As for being fired, I was joking a little bit, and it would depend on the circumstances. If you encountered windshear on takeoff and lost a lot of speed approaching the end of the runway, the procedure is simply to rotate within 2000ft before the end, and hope for the best. If you had a tailscrape in these conditions, it would be understandable. If on a normal day you did a bad tailscrape because you were careless, and caused substantial damage, like the SQ 744 departing Auckland, then management would have a bit more to say. It would also depend on the airline. Some are not as lenient as others. A few years ago we had a captain cut the corner on a taxiway and sink the gear into the grass. No damage was caused, but he was fired for it. Another, took a photo out of the cockpit during the climbout on his line check. He was fired too. In some airlines, it doesn't take much!


User currently offlineAirbus Lover From Malaysia, joined Apr 2000, 3248 posts, RR: 9
Reply 24, posted (10 years 11 months 1 week 5 days 9 hours ago) and read 4337 times:

Cx flyboy,

May I ask that, the pilot that was fired for taking a shortcut on a taxiway is the captain of the A330-300 that got the gear sunk into the grass in PEN, Malaysia??? I was on that flight and he was nice!!  Sad


25 Post contains images ConcordeBoy : Hmm... now that I think about it, wasnt the latest China Airlines crash (now, if that aint a redundant phrase ) caused by fatigue due to tailstrike da
26 Post contains images SSTjumbo : In my short experiences, I've only worried about tailstrikes from iguanas and alligators. Those really hurt .
27 Post contains links and images Mr Spaceman : Hi guys. > ConcordeBoy, your memory is working, however, the airline involved was Japan Airlines, not China Airlines. The crash occured on August 12,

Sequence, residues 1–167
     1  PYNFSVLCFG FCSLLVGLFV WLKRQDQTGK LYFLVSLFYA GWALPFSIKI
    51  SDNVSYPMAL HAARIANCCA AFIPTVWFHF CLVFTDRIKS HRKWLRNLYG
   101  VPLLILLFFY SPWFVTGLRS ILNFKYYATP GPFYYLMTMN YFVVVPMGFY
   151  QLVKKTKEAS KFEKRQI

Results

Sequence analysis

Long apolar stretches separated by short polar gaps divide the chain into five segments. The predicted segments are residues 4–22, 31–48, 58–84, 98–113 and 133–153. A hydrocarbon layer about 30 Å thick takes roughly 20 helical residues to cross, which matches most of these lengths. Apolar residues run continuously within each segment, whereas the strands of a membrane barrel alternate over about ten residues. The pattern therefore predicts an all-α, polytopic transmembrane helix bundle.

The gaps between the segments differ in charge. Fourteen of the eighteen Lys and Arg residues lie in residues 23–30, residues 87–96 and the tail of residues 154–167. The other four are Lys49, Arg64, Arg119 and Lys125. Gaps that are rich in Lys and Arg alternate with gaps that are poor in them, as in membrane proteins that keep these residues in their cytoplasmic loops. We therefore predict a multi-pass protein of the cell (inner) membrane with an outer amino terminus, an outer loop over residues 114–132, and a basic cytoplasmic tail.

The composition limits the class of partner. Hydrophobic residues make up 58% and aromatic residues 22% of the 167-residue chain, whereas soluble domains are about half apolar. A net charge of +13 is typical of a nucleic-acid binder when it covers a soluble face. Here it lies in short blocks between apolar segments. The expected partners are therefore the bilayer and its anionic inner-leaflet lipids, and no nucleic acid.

28 Post contains images N844AA : Actually Mr Spaceman, I believe both incidents were caused by an improperly repaired tailstrike. I need to look it up, but I believe the China Airline
29 FSPilot747 : Tarzanboy: Tailstrikes are EXTREMELY DANGEROUS. You should be shaking in your seat everytime you take off because you could DIE from just a little ove
30 Spitfire : Tarzanboy, Concerning what you have written in a now closed topic: ..."with the exception of the people who do not appreciate the facts on tailstrikes
31 Post contains images AA61hvy : I was on a 777-300, the longest plane in the world (at the time I took it) and I wasn't worried about it one bit, pilots are skilled enough to know th
32 Bigphilnyc : I have video of an F14 touching down on Rwy 4 at LGA, and I swear the thing came within 5 inches of its engines striking the ground. Wild shit.
33 Post contains links and images Mr Spaceman : Hi guys. > N844AA, Thanks for letting me know that part of my memory is still working with regards to a missing row of rivets in the aft bulkhead of J
34 Post contains images B747skipper : Tail strikes... xxx From the QRH (Quick Reference Manual) for the 747... "tail strikes" on takeoff, the SOPs require (1) not to pressurize the aircraf
35 Goboeing : Well said Skipper. What you said about relevance of certain questions to initial training reminds me of myself asking my instructor questions about ai
36 Tarzanboy : b747skipper, i thank you sir... i am glad you guys..all those i forgot to mention..mr. Spitfire....fsPilot747 you all are role models and mentors for